Equity - Equity is often confused with equality. “Equality means each individual or group of people is given the same resources or opportunities. Equity recognizes that each person has different circumstances and allocates the exact resources and opportunities needed to reach an equal outcome.”9   


Healing Centered Engagement - “A key component of Healing Centered Engagement, is taking loving action, by collectively responding to political decisions and practices that can exacerbate trauma. By taking action, (e.g. school walkouts, organizing peace march, or promoting access to healthy foods) it builds a sense of power and control over their lives. Research has demonstrated that building this sense of power and control among traumatized groups is perhaps one of the most significant features in restoring holistic well-being.”10

Meaningful Contribution - “When we talk about contributing, it’s not just about being kind or volunteering here and there (although both are important). It refers to “contributions of consequence”—actions that have substantial benefits to others that help to reach a shared goal. This type of contributing involves not simply taking a single action but playing an important role within a group—whether it’s a family, school, or community.”11  

Sanctuary - “Youth descriptions of sanctuary often went a step beyond what is commonly referred to as psychological safety, which is defined as feeling comfortable enough to take interpersonal risks; that is, a state in which people feel confident to express their views or make mistakes. A protected space may be considered psychologically safe, and this may be an important component of sanctuary. However, an affirming space does not simply lack physical or psychological danger. Rather, youth were often quick to note that aspects of their identity are celebrated (not just tolerated) in these spaces.”12

Service Learning - According to Vanderbilt University, service learning is defined as: “A form of experiential education where learning occurs through a cycle of action and reflection as students seek to achieve real objectives for the community and deeper understanding and skills for themselves.”13  

Social Capital - “The central premise of social capital is that social networks have value. Social capital refers to the collective value of all “social networks” [who people know] and the inclinations that arise from these networks to do things for each other [“norms of reciprocity”]. The term social capital emphasizes not just warm and cuddly feelings, but a wide variety of quite specific benefits that flow from the trust, reciprocity, information, and cooperation associated with social networks. Social capital creates value for the people who are connected and – at least sometimes – for bystanders as well.”14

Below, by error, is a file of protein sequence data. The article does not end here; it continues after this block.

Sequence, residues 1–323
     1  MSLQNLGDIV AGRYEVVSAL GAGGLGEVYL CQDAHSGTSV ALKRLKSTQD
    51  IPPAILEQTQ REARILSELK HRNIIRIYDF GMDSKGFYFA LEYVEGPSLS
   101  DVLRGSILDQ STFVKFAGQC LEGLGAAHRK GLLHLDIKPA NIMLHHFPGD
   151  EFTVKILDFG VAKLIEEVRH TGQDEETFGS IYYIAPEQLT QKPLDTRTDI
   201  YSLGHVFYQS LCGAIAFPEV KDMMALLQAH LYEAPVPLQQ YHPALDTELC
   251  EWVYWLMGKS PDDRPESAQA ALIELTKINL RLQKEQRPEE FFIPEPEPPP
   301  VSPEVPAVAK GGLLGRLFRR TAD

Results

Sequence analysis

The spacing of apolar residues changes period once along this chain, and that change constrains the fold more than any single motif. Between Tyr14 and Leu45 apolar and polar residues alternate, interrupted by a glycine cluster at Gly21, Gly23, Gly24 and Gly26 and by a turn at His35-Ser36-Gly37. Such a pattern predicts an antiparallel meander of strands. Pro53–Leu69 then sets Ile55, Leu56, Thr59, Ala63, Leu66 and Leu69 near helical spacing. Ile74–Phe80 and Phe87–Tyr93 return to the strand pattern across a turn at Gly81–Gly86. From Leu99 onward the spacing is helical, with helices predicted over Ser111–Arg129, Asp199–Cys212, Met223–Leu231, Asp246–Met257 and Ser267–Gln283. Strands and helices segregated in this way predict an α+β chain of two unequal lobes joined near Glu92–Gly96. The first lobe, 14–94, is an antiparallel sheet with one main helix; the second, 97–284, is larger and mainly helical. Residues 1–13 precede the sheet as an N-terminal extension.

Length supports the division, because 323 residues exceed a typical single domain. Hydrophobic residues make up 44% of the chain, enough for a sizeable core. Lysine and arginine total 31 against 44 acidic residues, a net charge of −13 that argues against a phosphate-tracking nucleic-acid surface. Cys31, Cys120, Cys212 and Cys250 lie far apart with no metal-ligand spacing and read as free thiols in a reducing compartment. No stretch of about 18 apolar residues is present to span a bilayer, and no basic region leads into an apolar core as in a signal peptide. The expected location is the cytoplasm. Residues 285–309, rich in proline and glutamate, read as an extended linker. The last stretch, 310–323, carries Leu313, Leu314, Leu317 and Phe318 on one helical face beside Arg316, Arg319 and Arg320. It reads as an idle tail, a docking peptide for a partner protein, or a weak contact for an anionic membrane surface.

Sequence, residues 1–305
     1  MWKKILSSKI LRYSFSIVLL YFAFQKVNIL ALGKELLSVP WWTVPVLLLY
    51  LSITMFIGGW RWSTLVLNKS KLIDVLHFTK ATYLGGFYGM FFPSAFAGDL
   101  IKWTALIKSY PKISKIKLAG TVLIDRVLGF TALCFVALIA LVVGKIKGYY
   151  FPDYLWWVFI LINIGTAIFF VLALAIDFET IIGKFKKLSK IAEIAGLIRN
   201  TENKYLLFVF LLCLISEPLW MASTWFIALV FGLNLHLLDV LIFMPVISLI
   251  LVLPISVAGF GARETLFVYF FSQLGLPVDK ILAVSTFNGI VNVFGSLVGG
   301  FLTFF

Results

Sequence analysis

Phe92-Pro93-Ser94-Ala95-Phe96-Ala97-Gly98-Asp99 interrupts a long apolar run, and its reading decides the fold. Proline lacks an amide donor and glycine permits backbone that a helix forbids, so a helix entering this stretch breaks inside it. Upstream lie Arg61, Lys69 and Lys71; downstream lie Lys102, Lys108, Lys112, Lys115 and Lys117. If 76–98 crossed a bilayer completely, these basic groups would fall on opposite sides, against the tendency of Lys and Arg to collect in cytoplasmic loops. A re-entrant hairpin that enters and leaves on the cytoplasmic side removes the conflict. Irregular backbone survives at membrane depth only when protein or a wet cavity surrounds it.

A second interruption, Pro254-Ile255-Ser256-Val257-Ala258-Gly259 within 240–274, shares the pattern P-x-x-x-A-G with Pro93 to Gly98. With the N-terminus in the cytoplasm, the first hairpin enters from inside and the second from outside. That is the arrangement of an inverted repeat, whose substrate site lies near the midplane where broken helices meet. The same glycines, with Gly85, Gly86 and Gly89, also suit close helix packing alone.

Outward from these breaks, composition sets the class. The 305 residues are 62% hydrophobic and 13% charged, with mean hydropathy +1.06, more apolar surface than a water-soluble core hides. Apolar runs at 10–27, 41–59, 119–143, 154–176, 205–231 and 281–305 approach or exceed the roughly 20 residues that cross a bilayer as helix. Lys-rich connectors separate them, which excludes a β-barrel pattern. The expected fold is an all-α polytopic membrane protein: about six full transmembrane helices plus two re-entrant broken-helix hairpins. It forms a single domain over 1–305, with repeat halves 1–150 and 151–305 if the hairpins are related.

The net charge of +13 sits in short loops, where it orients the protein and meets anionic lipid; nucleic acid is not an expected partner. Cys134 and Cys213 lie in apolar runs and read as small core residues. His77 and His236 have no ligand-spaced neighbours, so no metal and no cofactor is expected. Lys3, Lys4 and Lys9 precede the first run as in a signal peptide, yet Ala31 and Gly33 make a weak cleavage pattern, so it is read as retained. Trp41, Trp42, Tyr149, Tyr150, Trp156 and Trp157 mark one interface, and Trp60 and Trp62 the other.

Social Justice - Social justice promotes fairness and equity across many aspects of society. “Social justice is the view that everyone deserves equal economic, political and social rights and opportunities.”15 

FOOTNOTES:, Youth Activism,

Youth on Board, What is Adultism?,

NPR, How Indiana Teens Find Resilience During COVID Pandemic,

International Youth Foundation, What is Youth Agency?,


Lexia, Creating Authentic Learning Experiences in the Literacy Classroom,, Civic Engagement,

Christine Sarikas, Definition: What is Community Service?,

Milken Institute School of Public Health, Equity vs. Equality: What’s the Difference?,

10 Shawn Ginwright, The Future of Healing: Shifting from Trauma Informed Care to Healing Centered Engagement,

11 Meghan Lynch Forder, What Teens Gain When They Contribute to Their Social Groups,

12 Thomas Akiva, Roderick L. Carey, Amanda Brown Cross, Lori Delale-O'Connor, Melanie R. Brown, Reasons Youth Engage In Activism Programs: Social Justice Or Sanctuary?,

13 Heather Wolpert-Gawron, What the Heck Is Service Learning?,

14 Robert D. Putnam, Bowling Alone,

15 The San Diego Foundation, What is Social Justice?,